Knee Brace With C-Shaped Buttress

The C-shaped buttress is a rubber-like ring around the patella opening, which helps stabilize your kneecap. A brace with a C-shaped buttress is especially helpful if you are experiencing lateral or medial patellar subluxation. This style of support is also good if you are in need of extra knee support for walking downhill, uphill, or on uneven surfaces, such as while hiking.

This patella stabilizing brace is another great option for patellar subluxation support. The C-shaped buttress and four-part strapping system of this patellar subluxation knee brace can help stabilize your kneecap and promotes correct patellar tracking. It also features stays on either side of your knee for an additional layer of support as well as to keep your brace from bunching or rolling.

This short hypoallergenic, lightweight knee brace is perfect for you if you are an active individual who deals with knee pain when walking or jogging. The open patella design of this low profile knee brace improves its flexibility and keeps pressure off your sore kneecap. The C-shaped buttress of this knee brace can be moved for either lateral or medial patellar subluxation. Also, your popliteal (back of knee) will be covered by this knee brace for extra support and compression.

Knee Brace With U-Shaped Buttress

Knee braces with a U-shaped buttress, like this, are great for treating patellar subluxation because they protect your knee joint, improve patellar tracking, and reduce inflammation around your patella. The U-shaped buttress supports your patellar joint and helps your kneecap track as it should.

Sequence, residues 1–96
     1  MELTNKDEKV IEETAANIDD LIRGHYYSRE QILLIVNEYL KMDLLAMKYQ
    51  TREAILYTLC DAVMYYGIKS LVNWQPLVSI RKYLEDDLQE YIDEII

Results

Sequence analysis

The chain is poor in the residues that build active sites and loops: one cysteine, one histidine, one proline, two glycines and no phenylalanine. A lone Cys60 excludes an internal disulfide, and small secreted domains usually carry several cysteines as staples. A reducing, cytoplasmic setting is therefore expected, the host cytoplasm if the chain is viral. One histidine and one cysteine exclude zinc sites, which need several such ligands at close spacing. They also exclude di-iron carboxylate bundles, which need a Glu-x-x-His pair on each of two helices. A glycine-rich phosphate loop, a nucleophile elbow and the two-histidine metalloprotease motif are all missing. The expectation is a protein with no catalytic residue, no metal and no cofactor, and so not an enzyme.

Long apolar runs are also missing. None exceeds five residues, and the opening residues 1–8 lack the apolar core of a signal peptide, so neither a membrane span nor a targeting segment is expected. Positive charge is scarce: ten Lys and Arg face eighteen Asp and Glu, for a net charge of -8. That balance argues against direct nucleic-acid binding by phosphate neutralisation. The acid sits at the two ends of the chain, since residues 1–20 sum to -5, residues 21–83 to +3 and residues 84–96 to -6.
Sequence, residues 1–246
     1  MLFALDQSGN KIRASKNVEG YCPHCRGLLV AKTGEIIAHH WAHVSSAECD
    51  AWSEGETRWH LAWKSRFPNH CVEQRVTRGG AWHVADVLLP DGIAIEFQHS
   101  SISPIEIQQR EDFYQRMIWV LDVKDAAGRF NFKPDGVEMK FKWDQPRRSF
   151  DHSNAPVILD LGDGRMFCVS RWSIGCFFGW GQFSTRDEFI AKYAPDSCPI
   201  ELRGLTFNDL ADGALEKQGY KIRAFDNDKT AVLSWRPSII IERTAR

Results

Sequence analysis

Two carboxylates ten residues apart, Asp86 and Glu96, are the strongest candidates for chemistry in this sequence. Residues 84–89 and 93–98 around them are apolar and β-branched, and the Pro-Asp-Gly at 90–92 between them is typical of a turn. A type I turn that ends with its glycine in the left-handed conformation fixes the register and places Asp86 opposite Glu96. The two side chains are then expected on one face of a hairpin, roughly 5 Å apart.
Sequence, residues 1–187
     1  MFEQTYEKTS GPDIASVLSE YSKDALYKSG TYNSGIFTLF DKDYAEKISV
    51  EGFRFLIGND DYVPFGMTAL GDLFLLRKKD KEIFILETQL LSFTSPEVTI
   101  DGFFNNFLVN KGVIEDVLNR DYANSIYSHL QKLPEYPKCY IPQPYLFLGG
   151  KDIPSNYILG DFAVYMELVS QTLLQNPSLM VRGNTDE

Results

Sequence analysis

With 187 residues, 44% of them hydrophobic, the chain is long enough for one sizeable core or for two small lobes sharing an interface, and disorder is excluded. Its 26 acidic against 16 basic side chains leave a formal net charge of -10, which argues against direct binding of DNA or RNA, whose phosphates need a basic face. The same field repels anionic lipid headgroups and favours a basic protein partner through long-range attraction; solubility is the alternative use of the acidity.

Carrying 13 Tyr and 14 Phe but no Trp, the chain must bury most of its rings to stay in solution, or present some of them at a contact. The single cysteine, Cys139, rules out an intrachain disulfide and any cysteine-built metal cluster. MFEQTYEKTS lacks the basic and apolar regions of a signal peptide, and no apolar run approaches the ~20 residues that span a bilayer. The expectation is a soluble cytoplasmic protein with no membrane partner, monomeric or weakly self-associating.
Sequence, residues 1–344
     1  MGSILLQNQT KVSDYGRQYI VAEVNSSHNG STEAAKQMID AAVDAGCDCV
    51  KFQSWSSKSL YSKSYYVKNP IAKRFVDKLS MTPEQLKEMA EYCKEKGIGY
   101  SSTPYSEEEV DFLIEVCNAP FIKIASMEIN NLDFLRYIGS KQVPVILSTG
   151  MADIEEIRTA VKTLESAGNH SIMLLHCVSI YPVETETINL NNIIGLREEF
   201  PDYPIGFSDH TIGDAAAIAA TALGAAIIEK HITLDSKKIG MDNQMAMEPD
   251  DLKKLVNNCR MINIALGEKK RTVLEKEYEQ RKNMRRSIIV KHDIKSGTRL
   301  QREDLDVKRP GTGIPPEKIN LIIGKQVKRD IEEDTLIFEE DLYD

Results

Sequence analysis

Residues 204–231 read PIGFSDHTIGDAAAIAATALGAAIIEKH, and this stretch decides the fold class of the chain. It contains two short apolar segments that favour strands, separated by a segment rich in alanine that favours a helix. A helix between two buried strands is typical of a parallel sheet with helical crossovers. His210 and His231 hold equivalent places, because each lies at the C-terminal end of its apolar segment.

Band for Patellar Subluxation Treatment

A patella knee band, like this one, sets directly under your patella (kneecap) and puts targeted pressure on your patella tendon, which helps relieve your joints of pressure and treats several knee-related problems. A knee band dramatically reduces pain caused by patellar subluxation, patellofemoral pain syndrome (runner’s knee or jumper’s knee), chondromalacia patella, tendonitis, or other knee conditions affecting your patella.

Not sure what brace you need to treat your patellar subluxation? No worries. Our customer service representatives are here to help. Just give us a call at (866) 712-7808.

Surgery for Patellar Subluxation

If you continually experience patellar subluxation after trying all of these nonsurgical treatment options, you might want to consider surgery to protect your kneecap from subluxation. There are many surgical options to protect yourself from patellar subluxation and other patellar tracking disorders. Find more information about surgical options for patellar subluxation here. We recommend consulting with your physical therapist and doctor about your condition before contemplating any surgical or non-surgical treatment options.